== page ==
Emerald Publishing Limited
Copyright © 2021 Sydney Cheek-O'Donnell
Half Title Page
ARTS FOR HEALTH
Series Editor: Paul Crawford, Professor of Health Humanities, University of Nottingham, UK
The Arts for Health series offers a ground-breaking set of books that guide the general public, carers and healthcare providers on how different arts can help people to stay healthy or improve their health and wellbeing.
Bringing together new information and resources underpinning the health humanities (that link health and social care disciplines with the arts and humanities), the books demonstrate the ways in which the arts offer people worldwide a kind of shadow health service – a non-clinical way to maintain or improve our health and wellbeing. The books are aimed at general readers along with interested arts practitioners seeking to explore the health benefits of their work, health and social care providers and clinicians wishing to learn about the application of the arts for health, educators in arts, health and social care and organizations, carers and individuals engaged in public health or generating healthier environments. These easy-to-read, engaging short books help readers to understand the evidence about the value of arts for health and offer guidelines, case studies and resources to make use of these non-clinical routes to a better life.
Other titles in the series:
|Yoon Irons and Grenville Hancox
University of Utah, United States
United Kingdom – North America – Japan – India – Malaysia – China
Emerald Publishing Limited
Howard House, Wagon Lane, Bingley BD16 1WA, UK
First edition 2021
© 2021 Sydney Cheek-O’Donnell. Published under an exclusive license by Emerald Publishing Limited.
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No part of this book may be reproduced, stored in a retrieval system, transmitted in any form or by any means electronic, mechanical, photocopying, recording or otherwise without either the prior written permission of the publisher or a licence permitting restricted copying issued in the UK by The Copyright Licensing Agency and in the USA by The Copyright Clearance Center. No responsibility is accepted for the accuracy of information contained in the text, illustrations or advertisements. The opinions expressed in these chapters are not necessarily those of the Author or the publisher.
British Library Cataloguing in Publication Data
A catalogue record for this book is available from the British Library
ISBN: 978-1-83867-336-9 (Print)
ISBN: 978-1-83867-333-8 (Online)
ISBN: 978-1-83867-335-2 (Epub)
|About the Author
|Introduction — Why Theatre?
|Who Can Benefit?
|How Can I Engage with Theatre?
|What Can Professionals Do to Help?
|What are the Challenges and Opportunities?
About the Author
Sydney Cheek-O’Donnell is an Associate Professor in the Department of Theatre and Associate Dean for Research in the College of Fine Arts at the University of Utah in Salt Lake City, where she teaches new play development, dramaturgy, theatre history, theory, criticism, and dramatic literature.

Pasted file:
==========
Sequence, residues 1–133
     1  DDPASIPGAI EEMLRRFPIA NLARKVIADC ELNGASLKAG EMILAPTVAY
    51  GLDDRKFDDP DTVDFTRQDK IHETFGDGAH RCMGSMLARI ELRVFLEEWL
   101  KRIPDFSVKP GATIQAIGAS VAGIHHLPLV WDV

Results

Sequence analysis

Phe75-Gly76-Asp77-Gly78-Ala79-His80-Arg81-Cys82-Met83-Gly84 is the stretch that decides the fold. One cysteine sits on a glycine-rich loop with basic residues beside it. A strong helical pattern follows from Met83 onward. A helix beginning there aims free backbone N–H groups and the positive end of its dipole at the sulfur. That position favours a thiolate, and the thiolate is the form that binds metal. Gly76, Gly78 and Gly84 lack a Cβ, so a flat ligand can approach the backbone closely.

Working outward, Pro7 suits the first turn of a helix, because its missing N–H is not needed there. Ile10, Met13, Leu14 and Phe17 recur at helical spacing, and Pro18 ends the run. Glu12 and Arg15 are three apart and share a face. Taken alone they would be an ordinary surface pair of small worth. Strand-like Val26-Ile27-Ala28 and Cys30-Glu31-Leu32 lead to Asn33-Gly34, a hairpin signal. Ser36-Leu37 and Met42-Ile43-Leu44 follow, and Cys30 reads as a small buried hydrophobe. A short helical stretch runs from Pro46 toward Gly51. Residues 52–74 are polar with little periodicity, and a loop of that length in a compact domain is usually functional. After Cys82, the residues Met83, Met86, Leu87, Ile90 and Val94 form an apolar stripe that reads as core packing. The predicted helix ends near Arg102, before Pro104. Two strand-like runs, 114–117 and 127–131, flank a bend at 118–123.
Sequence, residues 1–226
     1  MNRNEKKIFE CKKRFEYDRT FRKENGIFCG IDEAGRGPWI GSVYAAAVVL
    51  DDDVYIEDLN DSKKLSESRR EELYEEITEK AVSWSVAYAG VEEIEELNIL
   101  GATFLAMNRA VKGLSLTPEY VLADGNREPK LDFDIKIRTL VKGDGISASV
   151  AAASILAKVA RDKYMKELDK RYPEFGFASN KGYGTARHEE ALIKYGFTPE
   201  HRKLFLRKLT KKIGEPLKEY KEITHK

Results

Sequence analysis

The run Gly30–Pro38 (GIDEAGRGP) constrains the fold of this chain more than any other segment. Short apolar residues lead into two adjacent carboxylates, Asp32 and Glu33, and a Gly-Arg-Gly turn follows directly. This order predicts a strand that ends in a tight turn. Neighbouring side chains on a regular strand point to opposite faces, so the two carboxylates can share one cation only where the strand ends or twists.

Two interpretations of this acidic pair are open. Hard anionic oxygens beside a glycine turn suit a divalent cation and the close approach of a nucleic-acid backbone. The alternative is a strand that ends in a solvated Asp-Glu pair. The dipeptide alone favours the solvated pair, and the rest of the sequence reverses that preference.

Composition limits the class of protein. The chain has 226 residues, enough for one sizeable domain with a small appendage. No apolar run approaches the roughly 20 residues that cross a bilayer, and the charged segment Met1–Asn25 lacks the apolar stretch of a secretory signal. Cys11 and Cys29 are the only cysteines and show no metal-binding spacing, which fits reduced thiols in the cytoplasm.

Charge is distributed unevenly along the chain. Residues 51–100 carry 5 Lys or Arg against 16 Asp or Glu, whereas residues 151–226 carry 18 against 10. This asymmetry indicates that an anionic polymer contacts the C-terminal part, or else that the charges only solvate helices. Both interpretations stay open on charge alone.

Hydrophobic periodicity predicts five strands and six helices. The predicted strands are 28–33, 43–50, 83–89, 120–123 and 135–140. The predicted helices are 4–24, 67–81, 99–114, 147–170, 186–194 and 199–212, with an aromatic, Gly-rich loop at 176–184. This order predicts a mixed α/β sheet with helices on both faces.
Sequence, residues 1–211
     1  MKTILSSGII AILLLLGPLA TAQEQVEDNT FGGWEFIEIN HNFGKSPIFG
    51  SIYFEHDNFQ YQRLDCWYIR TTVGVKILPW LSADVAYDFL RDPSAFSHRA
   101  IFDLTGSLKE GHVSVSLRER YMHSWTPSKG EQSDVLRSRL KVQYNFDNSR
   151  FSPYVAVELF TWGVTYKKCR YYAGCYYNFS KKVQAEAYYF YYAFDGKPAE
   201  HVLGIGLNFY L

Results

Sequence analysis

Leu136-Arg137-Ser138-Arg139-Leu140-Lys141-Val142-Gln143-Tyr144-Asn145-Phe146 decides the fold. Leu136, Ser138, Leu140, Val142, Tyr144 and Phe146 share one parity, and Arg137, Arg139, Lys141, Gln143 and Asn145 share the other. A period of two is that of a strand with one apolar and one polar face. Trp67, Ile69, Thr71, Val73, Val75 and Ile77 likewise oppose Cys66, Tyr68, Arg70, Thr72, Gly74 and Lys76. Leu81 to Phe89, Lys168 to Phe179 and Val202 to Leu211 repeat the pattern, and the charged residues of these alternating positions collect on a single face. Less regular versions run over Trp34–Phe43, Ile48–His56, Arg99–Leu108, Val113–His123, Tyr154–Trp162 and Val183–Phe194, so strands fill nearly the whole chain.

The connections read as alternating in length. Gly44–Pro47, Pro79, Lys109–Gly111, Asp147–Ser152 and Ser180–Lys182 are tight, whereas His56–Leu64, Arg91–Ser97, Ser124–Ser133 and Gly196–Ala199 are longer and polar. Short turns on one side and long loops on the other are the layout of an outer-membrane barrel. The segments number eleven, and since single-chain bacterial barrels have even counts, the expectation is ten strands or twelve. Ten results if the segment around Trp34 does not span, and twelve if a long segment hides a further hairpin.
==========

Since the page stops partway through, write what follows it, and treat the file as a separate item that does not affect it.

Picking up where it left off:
Currently, she works on the application of theatre techniques in non-traditional places, like healthcare settings and STEM education. She is Principle Investigator, with Dr. Gretchen A. Case, on a randomized controlled trial assessing the effectiveness of a rehearsal framework to improve the interpersonal communication skills of medical learners. This study is funded by the National Endowment for the Arts. She regularly collaborates with multidisciplinary teams at the Utah Center for Excellence in ELSI Research (UCEER) to leverage the arts – particularly theatre and storytelling – in the creation of education and support materials for women and families. Previously, she worked with a multidisciplinary team led by Dr. Nalini Nadkarni to explore using theatre, narrative, and ecological restoration as tools to shift the way people see themselves in relation to science, technology, engineering, and math.
She has earned PhD in Theatre History and Dramatic Criticism from the University of Washington’s School of Drama, and received her undergraduate degree from Carleton College in Minnesota.
The writing of this book would not have been possible without the support of colleagues, friends, and family, particularly in the midst of a global pandemic. I wish to thank Greg Hatch for his amazing skills as a librarian, helping me scour the literature for the evidence base of this book. We spent countless hours in “parallel play,” searching for sources and reading through titles, abstracts, and articles. Many thanks also to the scholars and artists who generously took the time to speak with me about their work in the field of theatre for health – some of them responding to email inquiries from a total stranger. Blythe Corbett, Jacqueline Eaton, Peter Felsman, Beth Hagenlocker, and Persephone Sextou: I hope that this volume brings additional attention to your remarkable work.
Additional thanks go to my colleagues in the College of Fine Arts and the Department of Theatre at the University of Utah, who did their very best to help me carve out the time necessary for research and writing: Tim Slover, Harris Smith, John Scheib, Cami Rives, Cami Sheridan, and Aaron Swenson – thank you! My deepest gratitude goes to Gretchen Case and Karly Pippitt, who offered gentle but incisive feedback on various drafts, and cheered me along at every turn. Finally, I wish to thank Nick, for providing honest feedback and running interference with our children.